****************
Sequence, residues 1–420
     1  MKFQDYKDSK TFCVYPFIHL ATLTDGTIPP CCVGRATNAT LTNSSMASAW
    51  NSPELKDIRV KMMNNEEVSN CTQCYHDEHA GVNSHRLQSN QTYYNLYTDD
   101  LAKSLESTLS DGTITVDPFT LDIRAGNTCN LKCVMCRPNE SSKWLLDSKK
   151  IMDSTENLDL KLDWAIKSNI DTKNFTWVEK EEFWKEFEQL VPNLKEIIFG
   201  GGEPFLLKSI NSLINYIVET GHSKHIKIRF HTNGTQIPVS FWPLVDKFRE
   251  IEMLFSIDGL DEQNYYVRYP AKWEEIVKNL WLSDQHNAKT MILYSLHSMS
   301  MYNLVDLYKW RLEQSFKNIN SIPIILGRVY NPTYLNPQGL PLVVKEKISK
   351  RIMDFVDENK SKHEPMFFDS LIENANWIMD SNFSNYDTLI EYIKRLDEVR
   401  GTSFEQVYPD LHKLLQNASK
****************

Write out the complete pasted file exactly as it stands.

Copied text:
Sequence, residues 1–420
     1  MKFQDYKDSK TFCVYPFIHL ATLTDGTIPP CCVGRATNAT LTNSSMASAW
    51  NSPELKDIRV KMMNNEEVSN CTQCYHDEHA GVNSHRLQSN QTYYNLYTDD
   101  LAKSLESTLS DGTITVDPFT LDIRAGNTCN LKCVMCRPNE SSKWLLDSKK
   151  IMDSTENLDL KLDWAIKSNI DTKNFTWVEK EEFWKEFEQL VPNLKEIIFG
   201  GGEPFLLKSI NSLINYIVET GHSKHIKIRF HTNGTQIPVS FWPLVDKFRE
   251  IEMLFSIDGL DEQNYYVRYP AKWEEIVKNL WLSDQHNAKT MILYSLHSMS
   301  MYNLVDLYKW RLEQSFKNIN SIPIILGRVY NPTYLNPQGL PLVVKEKISK
   351  RIMDFVDENK SKHEPMFFDS LIENANWIMD SNFSNYDTLI EYIKRLDEVR
   401  GTSFEQVYPD LHKLLQNASK